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Published on: January 30, 2012
by Sadie Whitelocks for Daily Mail:
The white stuff; Milk drinkers five times more likely to succeed in memory tests
Drinking just one glass of milk a day could boost your brain power, say scientists. A study found that milk drinkers were five times more likely to succeed in tasks testing memory and brain function compared to non-milk drinkers.
It is now thought that, in addition to the many established health benefits of dairy, such as building stronger bones, the potential to stave off mental decline may benefit an ageing population.
Scientists from University of Maine in the U.S. say that although more research is needed, people should be encouraged to increase their milk intake.
Lead researcher Merrill Elias said: ‘The reality is that dairy has many benefits in those who are not restricted from consumption for health reasons.
‘We have learned in recent years that components of dairy – calcium, whey protein, vitamin D and magnesium – may play a role in reducing levels of obesity, diabetes and hypertension. Now we know that eating dairy also is positively associated with cognitive functioning.’
Milk contains significant amounts of saturated fat, protein and calcium as well as vitamin C and lower-fat varieties are recommended as healthier alternatives. During the study, more than 900 men and women aged between 23 and 98 were put through a series of tasks, testing visual-spatial, verbal and working memory while their milk consumption was tracked.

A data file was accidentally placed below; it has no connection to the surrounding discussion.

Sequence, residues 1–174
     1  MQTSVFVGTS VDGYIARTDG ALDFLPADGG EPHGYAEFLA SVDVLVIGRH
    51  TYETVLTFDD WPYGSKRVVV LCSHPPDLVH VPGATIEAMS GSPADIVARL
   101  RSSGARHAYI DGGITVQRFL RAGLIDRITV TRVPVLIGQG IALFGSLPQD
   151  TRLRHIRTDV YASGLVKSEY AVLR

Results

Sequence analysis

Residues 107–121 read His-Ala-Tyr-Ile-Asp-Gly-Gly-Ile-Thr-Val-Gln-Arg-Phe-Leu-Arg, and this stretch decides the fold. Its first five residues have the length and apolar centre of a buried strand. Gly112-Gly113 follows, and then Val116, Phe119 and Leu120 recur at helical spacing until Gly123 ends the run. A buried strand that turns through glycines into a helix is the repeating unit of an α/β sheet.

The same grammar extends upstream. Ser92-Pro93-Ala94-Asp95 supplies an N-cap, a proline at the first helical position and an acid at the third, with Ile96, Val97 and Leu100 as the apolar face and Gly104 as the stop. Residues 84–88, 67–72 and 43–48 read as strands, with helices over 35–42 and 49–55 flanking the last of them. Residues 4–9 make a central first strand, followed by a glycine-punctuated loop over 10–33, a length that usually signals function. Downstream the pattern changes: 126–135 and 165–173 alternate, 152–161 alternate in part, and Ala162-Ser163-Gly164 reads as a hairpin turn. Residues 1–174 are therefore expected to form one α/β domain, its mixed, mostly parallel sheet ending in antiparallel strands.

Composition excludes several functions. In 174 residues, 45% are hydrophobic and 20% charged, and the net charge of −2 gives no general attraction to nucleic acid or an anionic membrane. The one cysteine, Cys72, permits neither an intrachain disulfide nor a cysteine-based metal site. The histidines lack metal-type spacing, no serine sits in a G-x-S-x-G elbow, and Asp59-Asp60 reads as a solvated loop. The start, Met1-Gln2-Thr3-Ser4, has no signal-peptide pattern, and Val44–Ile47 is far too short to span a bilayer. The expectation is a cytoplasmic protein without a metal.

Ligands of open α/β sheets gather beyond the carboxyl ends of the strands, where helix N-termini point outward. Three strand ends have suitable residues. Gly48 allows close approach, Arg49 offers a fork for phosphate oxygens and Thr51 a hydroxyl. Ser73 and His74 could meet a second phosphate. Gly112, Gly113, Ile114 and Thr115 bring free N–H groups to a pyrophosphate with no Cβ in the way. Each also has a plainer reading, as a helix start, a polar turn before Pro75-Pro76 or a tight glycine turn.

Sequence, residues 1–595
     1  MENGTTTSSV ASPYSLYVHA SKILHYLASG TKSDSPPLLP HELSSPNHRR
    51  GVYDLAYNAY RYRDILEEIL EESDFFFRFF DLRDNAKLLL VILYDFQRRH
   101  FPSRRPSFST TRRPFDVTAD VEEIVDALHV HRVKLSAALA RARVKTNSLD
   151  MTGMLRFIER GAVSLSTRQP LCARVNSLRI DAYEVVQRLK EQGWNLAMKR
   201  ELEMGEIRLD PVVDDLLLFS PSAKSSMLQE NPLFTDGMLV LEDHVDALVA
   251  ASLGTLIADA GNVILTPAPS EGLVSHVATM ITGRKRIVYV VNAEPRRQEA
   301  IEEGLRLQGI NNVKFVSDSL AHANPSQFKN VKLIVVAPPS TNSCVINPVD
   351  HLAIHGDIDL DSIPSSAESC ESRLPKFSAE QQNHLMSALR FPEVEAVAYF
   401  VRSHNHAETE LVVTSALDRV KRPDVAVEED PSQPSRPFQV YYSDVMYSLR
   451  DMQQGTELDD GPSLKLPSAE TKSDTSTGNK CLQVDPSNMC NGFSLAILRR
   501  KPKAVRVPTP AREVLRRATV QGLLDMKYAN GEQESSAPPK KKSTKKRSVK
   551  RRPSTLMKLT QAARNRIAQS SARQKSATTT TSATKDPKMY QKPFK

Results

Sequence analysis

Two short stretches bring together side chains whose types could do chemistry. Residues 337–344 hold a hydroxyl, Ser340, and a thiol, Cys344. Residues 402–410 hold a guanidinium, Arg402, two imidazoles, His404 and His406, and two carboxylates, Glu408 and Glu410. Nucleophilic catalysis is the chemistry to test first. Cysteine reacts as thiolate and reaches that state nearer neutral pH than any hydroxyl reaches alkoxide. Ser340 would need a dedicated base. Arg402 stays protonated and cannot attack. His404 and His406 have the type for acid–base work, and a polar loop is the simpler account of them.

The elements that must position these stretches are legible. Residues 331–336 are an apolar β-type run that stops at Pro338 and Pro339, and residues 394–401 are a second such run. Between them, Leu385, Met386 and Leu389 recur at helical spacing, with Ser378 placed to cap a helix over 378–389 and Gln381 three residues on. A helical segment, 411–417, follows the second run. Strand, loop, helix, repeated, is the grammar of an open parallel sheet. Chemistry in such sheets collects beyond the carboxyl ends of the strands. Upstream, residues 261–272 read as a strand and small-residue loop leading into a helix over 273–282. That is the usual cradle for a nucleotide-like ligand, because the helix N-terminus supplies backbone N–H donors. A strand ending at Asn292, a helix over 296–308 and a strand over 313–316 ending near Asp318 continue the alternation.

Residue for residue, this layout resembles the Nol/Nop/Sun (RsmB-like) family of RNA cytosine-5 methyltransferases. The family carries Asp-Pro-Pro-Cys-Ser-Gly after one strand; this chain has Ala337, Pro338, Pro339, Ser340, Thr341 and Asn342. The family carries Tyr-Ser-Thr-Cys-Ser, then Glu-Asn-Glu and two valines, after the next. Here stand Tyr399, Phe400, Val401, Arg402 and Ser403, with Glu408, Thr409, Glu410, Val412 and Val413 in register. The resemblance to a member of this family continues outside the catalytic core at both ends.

It is one of the few investigations to focus on dairy food and cognitive function as previous studies have looked at milk products in relation to body weight and cardiovascular health.
Researchers found, regardless of age, those who drank at least one glass of milk each day were more successful at the tasks and scored higher marks.
The benefits persisted even after other factors that can affect brain health, including cardiovascular health and other lifestyle and diet factors had been taken into account. The highest scores for all eight outcomes were observed for those with the highest intakes of milk and diary products compared to those with low and infrequent milk intakes.
Nearly a third of the participants said they drank at least two and a half cups (600ml) of milk daily, mostly skim or reduced-fat.
Milk drinkers were also found to have healthier diets overall, but there was something about milk intake specifically that offered the brain health advantage, according to the researchers. The study, published in the International Diary Journal, suggests simple ways of introducing diary on a daily basis.
‘New and emerging brain health benefits are just one more reason to start each day with low fat or fat free milk. Whether in a latte, in a smoothie, on cereal, or straight from the glass, milk can be a key part of a healthy diet.’
It also highlights that milk consumption has decreased in recent years and in the U.S., this trend has coincided with a dramatic increase in soft drink consumption.
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